I bought mine at the local O'Reilly's... I think it was $90 or so, with a lifetime warranty. This was several years ago.
I have an auto and yanked my alternator out through the top. Disconnected the blower tubes, the dogbone, and stuck a scissor jack between the engine and rear bulkhead - not the recommended method but the engine mounts were very squishy (shot) so it worked. It was daily driven then and I needed it replaced quickly. Just so happened that the dirty method proved most expedient.
I have had them rebuilt. A small factoid: My 87 GT, bought new, I'm still running the original alternator (145,000 miles) My 88 GT bought in 1996 has gone through three. (?) The 88 has had an engine swap or two, the last one (75,000 miles ago) (3.4 L) has had two alternators.
Or, since you're going to replace you could upgrade to the later CS series alternator, which is electrically superior and is slightly smaller to boot. You can find "Wombats" write - up in the Ogre's Cave . Lastly, when you get to the auto store you need to ask for an alternator for an 88 GT. Thanks, Kit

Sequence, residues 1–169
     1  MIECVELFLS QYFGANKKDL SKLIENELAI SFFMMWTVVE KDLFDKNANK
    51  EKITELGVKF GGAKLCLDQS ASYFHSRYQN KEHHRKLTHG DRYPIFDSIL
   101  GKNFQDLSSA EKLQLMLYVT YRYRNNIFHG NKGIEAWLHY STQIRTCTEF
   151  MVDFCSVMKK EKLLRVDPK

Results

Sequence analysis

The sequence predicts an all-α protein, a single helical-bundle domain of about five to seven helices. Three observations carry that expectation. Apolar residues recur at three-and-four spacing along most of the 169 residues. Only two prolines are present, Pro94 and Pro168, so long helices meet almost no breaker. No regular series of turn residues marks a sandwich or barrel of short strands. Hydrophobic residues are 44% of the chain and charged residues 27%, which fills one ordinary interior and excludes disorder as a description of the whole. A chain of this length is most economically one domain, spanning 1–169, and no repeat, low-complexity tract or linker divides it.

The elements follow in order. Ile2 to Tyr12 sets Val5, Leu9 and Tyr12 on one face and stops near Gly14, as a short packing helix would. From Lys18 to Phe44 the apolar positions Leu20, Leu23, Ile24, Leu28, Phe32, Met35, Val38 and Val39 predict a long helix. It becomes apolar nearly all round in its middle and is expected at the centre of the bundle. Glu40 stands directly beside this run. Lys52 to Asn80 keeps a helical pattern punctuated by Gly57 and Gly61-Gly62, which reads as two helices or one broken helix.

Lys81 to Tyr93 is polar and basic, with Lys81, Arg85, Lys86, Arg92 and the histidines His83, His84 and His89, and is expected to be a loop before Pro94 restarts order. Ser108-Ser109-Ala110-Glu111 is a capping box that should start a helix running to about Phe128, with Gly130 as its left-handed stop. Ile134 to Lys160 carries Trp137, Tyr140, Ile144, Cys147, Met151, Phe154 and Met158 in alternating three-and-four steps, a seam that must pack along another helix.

There was a recent discussion about dropping the rear cradle bolts to create room to change the front spark plugs. I wonder if this technique would be helpful for changing alternators, too?
I changed the alternator on my 86 GT auto a month ago, it would not come out of the right wheelwell opening even with the tie rod loose, had to lower the rear of the cradle to get enough room. I think it was hitting the lower part of the aluminum alternator bracket.
Totally unnecessary to lower the cradle . I have two GT's that are both auto's. The trick is to unbolt the alternator, set it down on the cradle, unbolt and remove the alternator bracket, then take out the alternator. This has always worked for me and I have replaced many. Kit
When I changed the alternator on my 86 SE auto several years back, some brilliant soul on here suggested unbolting the alternator and splitting the case, then removing the two halves. Split new alternator, insert halves and reassemble. This worked like a charm, and was certainly easier that disassembling brackets or suspensions. Four little bolts and it splits in half. Just make sure you stick an paperclip or some sort of pin in the little hole to capture the spring on the brushes.
[This message has been edited by StoicMe (edited 01-17-2014).]